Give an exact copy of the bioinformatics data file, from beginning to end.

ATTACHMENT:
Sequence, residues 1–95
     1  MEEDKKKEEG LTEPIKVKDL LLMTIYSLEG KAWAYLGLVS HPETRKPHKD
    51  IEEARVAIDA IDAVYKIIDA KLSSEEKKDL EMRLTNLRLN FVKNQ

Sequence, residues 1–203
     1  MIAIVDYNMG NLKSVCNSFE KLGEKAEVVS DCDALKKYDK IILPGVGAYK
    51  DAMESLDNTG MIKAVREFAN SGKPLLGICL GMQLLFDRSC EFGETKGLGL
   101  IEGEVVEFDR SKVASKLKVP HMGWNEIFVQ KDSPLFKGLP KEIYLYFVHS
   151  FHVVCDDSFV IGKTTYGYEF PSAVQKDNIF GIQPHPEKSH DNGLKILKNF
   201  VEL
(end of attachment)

Sequence, residues 1–95
     1  MEEDKKKEEG LTEPIKVKDL LLMTIYSLEG KAWAYLGLVS HPETRKPHKD
    51  IEEARVAIDA IDAVYKIIDA KLSSEEKKDL EMRLTNLRLN FVKNQ

Sequence, residues 1–203
     1  MIAIVDYNMG NLKSVCNSFE KLGEKAEVVS DCDALKKYDK IILPGVGAYK
    51  DAMESLDNTG MIKAVREFAN SGKPLLGICL GMQLLFDRSC EFGETKGLGL
   101  IEGEVVEFDR SKVASKLKVP HMGWNEIFVQ KDSPLFKGLP KEIYLYFVHS
   151  FHVVCDDSFV IGKTTYGYEF PSAVQKDNIF GIQPHPEKSH DNGLKILKNF
   201  VEL